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Thread: Evolution

  1. #1 Evolution 
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    Was lamarckian inheritance hypothesis wrong? he said the giraffe's long next develop over generations when its parents keep on stretch their neck to reach for high leaves. but then as we know, an individual's phenotype may change as a person develop large muscle after muscle training. but a child of muscle-bound parent is not born muscle-bound.offspring inherit genes, but not parents phenotypic changes. Does this mean Lamarck was wrong?

    so if he was wrong. what traits goes to just change in phenotype and what goes to change in genes. how is it decided. for example, the fishes wants to catch prey on land, in theory of evolution, legs were slowly grown over generations.

    and am i correct to say that when the first fishes feel the need to grow legs to catch prey on land, its genetic material had changed? if so why does it take so many generation to grow legs instead of the next generation?


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  3. #2 Re: Evolution 
    WYSIWYG Moderator marnixR's Avatar
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    Quote Originally Posted by mrsmile
    and am i correct to say that when the first fishes feel the need to grow legs to catch prey on land, its genetic material had changed? if so why does it take so many generation to grow legs instead of the next generation?
    "feel the need" sounds like a rather strange frame of mind when thinking of evolutionary change - just because you feel a desperate need to grow wings and fly, do you really think it's going to happen, even allowing for several generations of people who want to fly ?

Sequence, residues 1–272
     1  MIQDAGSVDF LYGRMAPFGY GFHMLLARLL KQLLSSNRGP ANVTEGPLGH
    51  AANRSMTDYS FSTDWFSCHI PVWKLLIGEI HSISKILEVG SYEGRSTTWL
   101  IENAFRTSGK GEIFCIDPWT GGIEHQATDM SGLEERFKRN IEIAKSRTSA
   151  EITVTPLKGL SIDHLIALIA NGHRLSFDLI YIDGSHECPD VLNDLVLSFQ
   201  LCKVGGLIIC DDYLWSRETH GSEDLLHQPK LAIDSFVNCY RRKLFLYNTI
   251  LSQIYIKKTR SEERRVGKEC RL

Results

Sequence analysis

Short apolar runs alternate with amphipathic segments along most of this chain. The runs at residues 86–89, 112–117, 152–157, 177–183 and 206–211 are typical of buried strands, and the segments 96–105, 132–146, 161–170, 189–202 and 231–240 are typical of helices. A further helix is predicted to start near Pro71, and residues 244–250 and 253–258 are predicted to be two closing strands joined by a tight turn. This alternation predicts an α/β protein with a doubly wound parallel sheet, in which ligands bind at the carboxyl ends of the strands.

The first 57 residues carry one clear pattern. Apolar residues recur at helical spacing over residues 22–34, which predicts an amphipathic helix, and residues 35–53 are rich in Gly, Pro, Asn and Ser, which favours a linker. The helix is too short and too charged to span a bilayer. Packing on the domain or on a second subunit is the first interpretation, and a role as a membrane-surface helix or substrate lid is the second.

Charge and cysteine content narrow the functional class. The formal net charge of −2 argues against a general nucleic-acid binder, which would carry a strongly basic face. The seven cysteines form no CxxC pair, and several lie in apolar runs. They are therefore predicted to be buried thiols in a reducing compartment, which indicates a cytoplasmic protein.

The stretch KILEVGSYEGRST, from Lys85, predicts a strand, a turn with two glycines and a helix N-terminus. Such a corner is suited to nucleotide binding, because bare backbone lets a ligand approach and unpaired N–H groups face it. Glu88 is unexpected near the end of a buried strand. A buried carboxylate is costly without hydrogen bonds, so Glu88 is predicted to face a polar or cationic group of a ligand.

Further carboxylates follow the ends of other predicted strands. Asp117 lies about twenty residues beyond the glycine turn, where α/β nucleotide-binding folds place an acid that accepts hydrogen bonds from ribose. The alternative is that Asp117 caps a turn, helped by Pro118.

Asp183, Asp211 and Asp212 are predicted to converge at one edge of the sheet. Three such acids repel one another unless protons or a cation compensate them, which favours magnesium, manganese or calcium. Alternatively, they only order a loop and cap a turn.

evolution is about preserving structures that will help you survive and make a living in the niche you're living in, so if you have little stubs that will help you move on land, you may get more food than if you didn't
    the crucial thing is that the stubs are already there, they don't just grow out of feeling a need for them - there may be a variation in the size and the strength of the stubs, and the ones that will help you move on land better may be the ones that get preferentially selected for the next generations


    "Reality is that which, when you stop believing in it, doesn't go away." (Philip K. Dick)
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  4. #3  
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    In case of the giraffes I think having a longer neck would cause the evolution.

    1000 giraffes living in a place where they have to reach high for the leaves. The one with the shortest neck is most probable to die , therefore he doesn't reproduce.

    I don't think it's the act of stretching the neck that causes evolution, but rather the need for it.
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  5. #4  
    Universal Mind John Galt's Avatar
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    Quote Originally Posted by toonb
    I don't think it's the act of stretching the neck that causes evolution, but rather the need for it.
    The first part of your statement is correct. Evolution is not caused by the giraffe stretching its neck. Lamark was wrong in that regard.

    However, it was not the need for it that caused the evolution. The giraffe shares a common ancestor with other ungulates, such as pigs and sheep and camels. One chain arising from this common ancestor had a series of mutations that led to the longer neck. This proved useful in following a particular life style - eating leaves on tall trees - and so the giraffe evolved. Other descendants of that common ancestor experienced a different chain of mutations that were favourable for a different lifestyle, so that they evolved into pigs or sheep or camels.

    At no time was there a 'need' to go in a particular direction. Chance mutations were governed by directed natural selection.
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